Wayne Ashby, right, with IBEW Local 11 organizer and mentor Oscar Martinez.

A Brotherhood Within a Brotherhood

Veterans Electrical Entry Program to Provide Transitioning Service Members Job Options   

By Robert Fulton 

In November of 2014, Retired Army National Guardsman Wayne Ashby was doing contract custody work for U.S. Immigration and Customs Enforcement when he received an email indicating that IBEW Local 11 was looking for military veterans to join its ranks. 

Because of the local’s emphasis on recruiting military veterans, IBEW fast tracked Ashby into its apprenticeship program. He started in March of 2015, turned out with all necessary licensing in May 2020 and is now a journeyman electrician currently working for Morrow Meadows at Kaiser Permanente in West Los Angeles. 

Though Local 11 has made an effort in recent years recruiting military veterans, that emphasis nationally has been inconsistent at best. Enter the Veterans Electrical Training Alliance, or VEEP. According to the program’s website, VEEP’s mission is to provide “transitioning service members and recently separated veterans the ability to reenter the civilian workforce in a high demand field that offers excellent earning potential.” 

“It allows them a direct pathway to get into our apprenticeship programs within the IBEW,” said Mike Kufchak, IBEW 11 organizer and Director of Veteran Affairs. Kufchak said that VEEP originated approximately five years ago, and there is a renewed effort to promote it.  “It hasn’t gained the traction or the momentum that it was intended to gain.” 

VEEP is a national pre-apprentice program offered by the Electrical Training Alliance (ETA), a collaboration between the IBEW and the National Electrical Contractors Association (NECA). A retired military member or one who is in the last 180 days of service can join the free seven-week course of study. Upon completion, he or she will be placed in a local apprenticeship program. 

When there is mutual interest between a local military base and a nearby training center, the ETA works to get a training agreement in place. Unfortunately, training is currently only offered in Anchorage, Alaska with Local 1547. Thus the current re-emphasis of the program is to remove the burden of having to relocate to Alaska for training for seven weeks by offering more training locales.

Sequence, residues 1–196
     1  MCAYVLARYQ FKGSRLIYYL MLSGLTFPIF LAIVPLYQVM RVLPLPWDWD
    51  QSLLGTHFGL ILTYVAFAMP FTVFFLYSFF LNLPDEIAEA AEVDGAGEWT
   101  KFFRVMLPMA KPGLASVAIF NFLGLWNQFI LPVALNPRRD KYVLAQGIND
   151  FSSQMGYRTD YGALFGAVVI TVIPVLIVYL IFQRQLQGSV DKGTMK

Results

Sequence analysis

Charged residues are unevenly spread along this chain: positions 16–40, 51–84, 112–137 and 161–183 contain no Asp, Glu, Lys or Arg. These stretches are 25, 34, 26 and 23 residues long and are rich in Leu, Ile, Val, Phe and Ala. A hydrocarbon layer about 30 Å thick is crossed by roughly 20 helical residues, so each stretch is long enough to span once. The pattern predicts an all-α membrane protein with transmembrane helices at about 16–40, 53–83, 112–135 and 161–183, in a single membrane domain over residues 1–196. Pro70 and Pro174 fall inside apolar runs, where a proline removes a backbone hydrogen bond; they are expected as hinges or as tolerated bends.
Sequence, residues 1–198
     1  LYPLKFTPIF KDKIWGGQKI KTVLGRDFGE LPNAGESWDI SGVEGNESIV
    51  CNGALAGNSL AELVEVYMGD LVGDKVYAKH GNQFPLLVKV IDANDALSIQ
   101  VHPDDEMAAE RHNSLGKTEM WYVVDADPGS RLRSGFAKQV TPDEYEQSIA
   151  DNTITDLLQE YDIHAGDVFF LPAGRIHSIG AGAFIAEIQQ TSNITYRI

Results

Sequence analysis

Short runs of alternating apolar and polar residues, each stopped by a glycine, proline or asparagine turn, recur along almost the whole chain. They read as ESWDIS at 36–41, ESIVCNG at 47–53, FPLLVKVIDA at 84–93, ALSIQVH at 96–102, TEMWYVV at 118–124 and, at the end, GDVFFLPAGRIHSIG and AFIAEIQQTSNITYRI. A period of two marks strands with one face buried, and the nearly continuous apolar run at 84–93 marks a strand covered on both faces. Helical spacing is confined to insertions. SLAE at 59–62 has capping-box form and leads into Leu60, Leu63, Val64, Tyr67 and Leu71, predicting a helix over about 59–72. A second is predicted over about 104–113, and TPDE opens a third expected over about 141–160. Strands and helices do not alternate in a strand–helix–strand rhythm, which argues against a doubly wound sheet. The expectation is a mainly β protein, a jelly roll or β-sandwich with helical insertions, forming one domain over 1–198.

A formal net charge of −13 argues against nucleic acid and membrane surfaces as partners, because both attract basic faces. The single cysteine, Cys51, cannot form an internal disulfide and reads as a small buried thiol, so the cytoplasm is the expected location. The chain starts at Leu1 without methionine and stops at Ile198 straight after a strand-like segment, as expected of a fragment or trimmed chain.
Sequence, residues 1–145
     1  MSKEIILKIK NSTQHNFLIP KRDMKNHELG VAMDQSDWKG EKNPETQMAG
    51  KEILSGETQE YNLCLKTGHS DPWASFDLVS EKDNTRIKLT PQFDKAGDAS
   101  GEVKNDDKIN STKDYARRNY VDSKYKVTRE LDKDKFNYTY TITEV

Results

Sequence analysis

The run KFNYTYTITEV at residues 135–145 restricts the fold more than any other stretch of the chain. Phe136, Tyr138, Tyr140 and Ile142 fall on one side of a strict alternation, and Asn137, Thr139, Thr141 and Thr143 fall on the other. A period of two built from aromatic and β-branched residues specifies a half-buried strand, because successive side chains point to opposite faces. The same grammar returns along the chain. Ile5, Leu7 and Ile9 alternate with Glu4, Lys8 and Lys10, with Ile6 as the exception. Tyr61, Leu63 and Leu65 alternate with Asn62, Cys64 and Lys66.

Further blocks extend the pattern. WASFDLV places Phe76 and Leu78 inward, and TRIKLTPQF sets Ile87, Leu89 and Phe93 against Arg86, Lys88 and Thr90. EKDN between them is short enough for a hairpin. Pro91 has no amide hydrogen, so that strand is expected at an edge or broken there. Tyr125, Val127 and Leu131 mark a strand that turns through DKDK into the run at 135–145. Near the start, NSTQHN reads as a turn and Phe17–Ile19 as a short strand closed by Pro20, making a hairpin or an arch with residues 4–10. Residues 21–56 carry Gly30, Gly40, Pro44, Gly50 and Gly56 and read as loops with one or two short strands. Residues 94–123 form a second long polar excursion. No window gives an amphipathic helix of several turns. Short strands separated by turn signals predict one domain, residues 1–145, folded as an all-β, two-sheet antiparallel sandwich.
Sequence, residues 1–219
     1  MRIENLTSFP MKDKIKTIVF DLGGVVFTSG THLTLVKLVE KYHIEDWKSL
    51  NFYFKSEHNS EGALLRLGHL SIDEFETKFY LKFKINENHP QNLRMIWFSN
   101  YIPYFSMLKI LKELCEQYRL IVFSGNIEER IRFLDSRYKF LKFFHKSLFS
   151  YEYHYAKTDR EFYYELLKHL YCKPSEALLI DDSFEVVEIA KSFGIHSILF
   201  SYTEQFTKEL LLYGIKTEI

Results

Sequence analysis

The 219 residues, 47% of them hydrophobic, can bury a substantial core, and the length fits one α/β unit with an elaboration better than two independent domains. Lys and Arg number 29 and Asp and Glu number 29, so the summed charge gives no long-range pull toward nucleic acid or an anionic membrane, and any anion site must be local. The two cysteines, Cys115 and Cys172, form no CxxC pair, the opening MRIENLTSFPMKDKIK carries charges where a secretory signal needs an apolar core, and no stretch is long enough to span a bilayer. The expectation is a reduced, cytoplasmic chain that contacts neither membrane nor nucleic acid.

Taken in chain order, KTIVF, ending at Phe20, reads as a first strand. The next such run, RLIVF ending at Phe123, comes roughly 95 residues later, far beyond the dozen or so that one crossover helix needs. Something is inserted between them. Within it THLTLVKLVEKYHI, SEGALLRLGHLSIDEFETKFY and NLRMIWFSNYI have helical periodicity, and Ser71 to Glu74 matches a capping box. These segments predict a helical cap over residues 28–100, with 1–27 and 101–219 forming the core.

“As I started researching the program, what I found out was that we were sitting on a diamond mine and we just didn’t know it at the time,” Kufchak said, noting that southern California is home to numerous military installations, including March Air Reserve Base in Riverside County and Marine Corps Base Camp Pendleton in San Diego County. “We’re on a fast track to soon develop our own resident program.” 

Before joining IBEW 11 in 2014, Kufchak spent 32 years in the Marines, retiring as a Sergeant Major. He knows what military vets can offer in the civilian world. 

“We see them as an absolute genuine fit: reliable, responsible, dependable, accountable, drug-free and in some situations they even have security clearances which can be vastly utilized,” Kufchak said. “Our contractors absolutely love these veterans for what they bring to the table.” 

Ashby, a Los Angeles County native, entered the Army in 1991 as a 17-year-old right out of high school. He originally planned to serve for three years and then attend college, but he loved military life and stayed enlisted in the Army and then the Army National Guard until his retirement in 2013. A Business Management degree from Columbia College-Los Alamitos followed, but Ashby still hadn’t found a satisfying career until he saw that e-mail about Local 11 looking for military veterans to join its apprenticeship program.  

Ashby had no experience as an electrician, but he was a combat engineer in the Army and not opposed to hard work. 

“I thought, ‘This sounds interesting. I get to work with my hands again,’” Ashby, 48,  said. “It’s what I like to do. I feel good when I build something.” 

Ashby didn’t join IBEW 11 through VEEP, but he emphasized the importance the local places on veteran recruitment and the value of having former military members in the fold.  

“If we can raise a veteran community within our local and the apprenticeship, it helps us bid for jobs and get more work,” Ashby said, adding that the veteran caucus within the Local is a “brotherhood within a brotherhood.” 

Kufchak hopes to have a local VEEP program up and running in 2022, continuing IBEW 11’s efforts with military veterans. He maintains that the marriage between veterans and the building trades is natural: contractors get trained while dependable electricians and former military members get career jobs with union benefits 

“It’s just another way of providing opportunities and options for our transitioned service members to get into a good union trade, to provide for themselves and, of course, for their families,” Kufchak said. “I prefer to capture these young men and women as they’re conducting their transition from the military rather than having them discover the hard way after couch surfing for a year or two years, figuring out what in life it is they want to do. I like to get out there early and present these opportunities and options to them.” 

To learn more about the Veterans Electrical Entry Program, visit https://in2veep.com

Photo Caption: Wayne Ashby, right, with IBEW Local 11 organizer and mentor Oscar Martinez.

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